I went into this with mixed feelings, as I had a lot of issues with Diamond City. And… a lot of those issues remain. Some minor characters get shoved into relationships with some of Aina’s …. suitors? friends? and so she doesn’t spend the whole book in love with four people but… I don’t know. She doesn’t have to make any real choices.
The entire city is destroyed basically. There was a ridiculous amount of bombings and killings. Like. I know she’s an assassin but it gets ridiculous. There’s also a bit of a cop-out at the end which annoyed me and lessened the impact of Aina’s choices.
Aina also spends a lot of the book alone as her group of friends sort of splinters to focus on different things. so it’s mostly just her and Kohl – and at least she sorts out how she feels about him.
Mostly there’s no depth to anything. There’s running and exploding and blood and more blood and killing and blood and poisons and antidotes and fire and blood and that’s…. it, really.
Overall it was meh and I probably wouldn’t have continued (or even started really) if I didn’t have an arc to review.
Thanks to NetGalley and Wednesday books for providing an e-arc to review.
This was slow and poignant and very real. I felt like I was there in 1950s San Francisco, chafing at the bonds of being a “Good Chinese Girl” and slowly discovering myself. I really enjoyed it.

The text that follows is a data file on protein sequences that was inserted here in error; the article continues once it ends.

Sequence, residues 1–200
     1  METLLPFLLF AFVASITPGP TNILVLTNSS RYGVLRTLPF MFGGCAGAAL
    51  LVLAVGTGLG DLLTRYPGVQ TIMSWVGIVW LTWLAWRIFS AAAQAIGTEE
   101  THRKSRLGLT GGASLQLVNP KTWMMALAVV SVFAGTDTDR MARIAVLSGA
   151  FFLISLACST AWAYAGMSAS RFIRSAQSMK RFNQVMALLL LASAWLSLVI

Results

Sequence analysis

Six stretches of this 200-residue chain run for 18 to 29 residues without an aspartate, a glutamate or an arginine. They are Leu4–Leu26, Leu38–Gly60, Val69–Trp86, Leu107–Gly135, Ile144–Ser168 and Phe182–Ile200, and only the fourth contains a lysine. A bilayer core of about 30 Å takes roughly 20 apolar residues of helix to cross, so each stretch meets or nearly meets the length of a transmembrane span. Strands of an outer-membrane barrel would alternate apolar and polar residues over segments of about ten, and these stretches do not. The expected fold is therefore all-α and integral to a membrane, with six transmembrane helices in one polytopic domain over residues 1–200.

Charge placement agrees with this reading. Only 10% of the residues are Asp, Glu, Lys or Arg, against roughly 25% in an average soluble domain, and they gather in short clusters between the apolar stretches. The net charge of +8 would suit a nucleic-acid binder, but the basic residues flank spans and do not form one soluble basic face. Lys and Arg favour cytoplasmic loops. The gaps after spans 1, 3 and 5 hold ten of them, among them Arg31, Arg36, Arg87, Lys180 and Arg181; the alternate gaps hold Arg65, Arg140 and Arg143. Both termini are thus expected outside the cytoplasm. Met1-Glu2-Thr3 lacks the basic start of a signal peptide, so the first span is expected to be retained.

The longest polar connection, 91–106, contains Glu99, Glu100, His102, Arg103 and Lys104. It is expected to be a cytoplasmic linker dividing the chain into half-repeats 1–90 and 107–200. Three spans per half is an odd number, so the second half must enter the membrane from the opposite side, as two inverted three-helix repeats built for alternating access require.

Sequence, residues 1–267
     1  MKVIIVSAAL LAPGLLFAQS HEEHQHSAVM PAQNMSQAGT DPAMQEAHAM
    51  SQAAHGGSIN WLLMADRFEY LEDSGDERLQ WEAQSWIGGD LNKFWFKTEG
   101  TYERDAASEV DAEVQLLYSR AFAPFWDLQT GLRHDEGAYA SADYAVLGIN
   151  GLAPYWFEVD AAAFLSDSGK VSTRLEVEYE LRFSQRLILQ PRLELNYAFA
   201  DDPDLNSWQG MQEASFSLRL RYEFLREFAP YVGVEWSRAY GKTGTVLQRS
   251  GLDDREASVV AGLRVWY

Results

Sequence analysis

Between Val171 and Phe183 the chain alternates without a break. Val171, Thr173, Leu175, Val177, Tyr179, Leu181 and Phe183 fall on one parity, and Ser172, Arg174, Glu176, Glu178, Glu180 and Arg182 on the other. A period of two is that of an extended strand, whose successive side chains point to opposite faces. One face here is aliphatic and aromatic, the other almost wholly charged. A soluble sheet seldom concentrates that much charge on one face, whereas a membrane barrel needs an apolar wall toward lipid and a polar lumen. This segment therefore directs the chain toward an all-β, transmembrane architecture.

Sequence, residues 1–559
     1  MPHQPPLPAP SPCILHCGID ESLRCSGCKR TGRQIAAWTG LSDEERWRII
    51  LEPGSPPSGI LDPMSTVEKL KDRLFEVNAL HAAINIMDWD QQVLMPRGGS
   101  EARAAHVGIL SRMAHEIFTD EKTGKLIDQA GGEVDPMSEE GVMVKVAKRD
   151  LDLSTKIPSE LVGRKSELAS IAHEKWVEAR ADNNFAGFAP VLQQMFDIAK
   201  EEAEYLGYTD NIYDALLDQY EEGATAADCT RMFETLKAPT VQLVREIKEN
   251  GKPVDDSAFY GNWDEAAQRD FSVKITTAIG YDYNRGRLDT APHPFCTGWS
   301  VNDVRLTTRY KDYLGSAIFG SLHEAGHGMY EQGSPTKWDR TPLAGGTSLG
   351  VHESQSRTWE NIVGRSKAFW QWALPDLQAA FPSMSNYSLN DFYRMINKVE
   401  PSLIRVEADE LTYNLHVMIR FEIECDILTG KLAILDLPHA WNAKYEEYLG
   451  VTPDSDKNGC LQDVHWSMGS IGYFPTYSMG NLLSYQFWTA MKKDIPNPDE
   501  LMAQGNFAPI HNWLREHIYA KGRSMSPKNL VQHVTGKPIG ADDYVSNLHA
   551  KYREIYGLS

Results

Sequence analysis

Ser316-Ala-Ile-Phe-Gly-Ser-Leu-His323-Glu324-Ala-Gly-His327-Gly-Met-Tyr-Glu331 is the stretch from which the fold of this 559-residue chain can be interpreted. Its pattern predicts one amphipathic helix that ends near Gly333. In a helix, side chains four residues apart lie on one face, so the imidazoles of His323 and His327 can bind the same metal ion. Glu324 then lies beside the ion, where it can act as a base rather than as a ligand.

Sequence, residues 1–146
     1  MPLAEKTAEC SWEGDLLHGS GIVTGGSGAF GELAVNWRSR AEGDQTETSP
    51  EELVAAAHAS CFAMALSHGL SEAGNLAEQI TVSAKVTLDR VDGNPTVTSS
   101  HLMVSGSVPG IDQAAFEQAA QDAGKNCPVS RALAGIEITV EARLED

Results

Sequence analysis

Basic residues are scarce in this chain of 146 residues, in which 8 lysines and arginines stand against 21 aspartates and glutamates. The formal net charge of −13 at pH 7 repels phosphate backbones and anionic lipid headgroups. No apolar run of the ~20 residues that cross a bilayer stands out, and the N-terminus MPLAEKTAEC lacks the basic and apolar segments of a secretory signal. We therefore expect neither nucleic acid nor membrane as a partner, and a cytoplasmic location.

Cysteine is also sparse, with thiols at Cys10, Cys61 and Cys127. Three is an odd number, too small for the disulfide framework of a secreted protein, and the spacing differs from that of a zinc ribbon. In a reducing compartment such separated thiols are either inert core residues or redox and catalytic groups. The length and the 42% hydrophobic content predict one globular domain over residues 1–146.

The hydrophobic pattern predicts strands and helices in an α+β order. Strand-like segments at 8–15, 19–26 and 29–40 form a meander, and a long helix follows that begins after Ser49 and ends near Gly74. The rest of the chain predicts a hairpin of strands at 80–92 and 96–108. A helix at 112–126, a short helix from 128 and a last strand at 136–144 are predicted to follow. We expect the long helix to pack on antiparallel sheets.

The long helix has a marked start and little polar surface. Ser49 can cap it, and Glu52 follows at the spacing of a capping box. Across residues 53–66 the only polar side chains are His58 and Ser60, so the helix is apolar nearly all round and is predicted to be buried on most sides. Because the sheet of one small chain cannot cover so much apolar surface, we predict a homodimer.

I do think that the (overly long) flashback sections about Lily’s parents and aunt when they were younger were unnecessary. They kept wrenching me back out of Lily’s story and I feel like they detracted from the story a bit.
I was afraid it would end tragically, but I’m satisfied with how it ended. It was fitting and believable and left room for hope.
*Thanks to NetGalley and Penguin Young Readers Group for providing an e-arc to review.
In some ways I really enjoyed this book, but in others I found it rather lacking. Part of this could be that I read an arc, but I feel like some of the ideas were sort of half-baked. First there would be talk of Jatin being ‘the’ Raja of Naupure, and then there would be talk of some other random raja or rani and then poof there’s only one again? The familial ties between the royal families were a bit confused as well. The magic system, while interesting, also seemed to suffer – the names of the Gods were just… their power spelled backwards? Ice magic is Dloc (cold), fire magic is Erif (fire), healing magic is Leah (heal)… There were also several places where I wished the writing were tighter or where I ended up confused.
But at the same time, I loved the enemies to lovers — and not just enemies to lovers, but betrothed enemies to mistaken identity lovers! — and Andraa and Jatin’s love for their people and wish to help them. The magic system (aside from the names) is cool and makes for very satisfying battles. And the chemistry between Andraa and Jatin is real, despite their false identities.
Going with three stars as I’m wavering between the good and bad points. I will be interested to see what happens in the sequel but I might not seek it out immediately.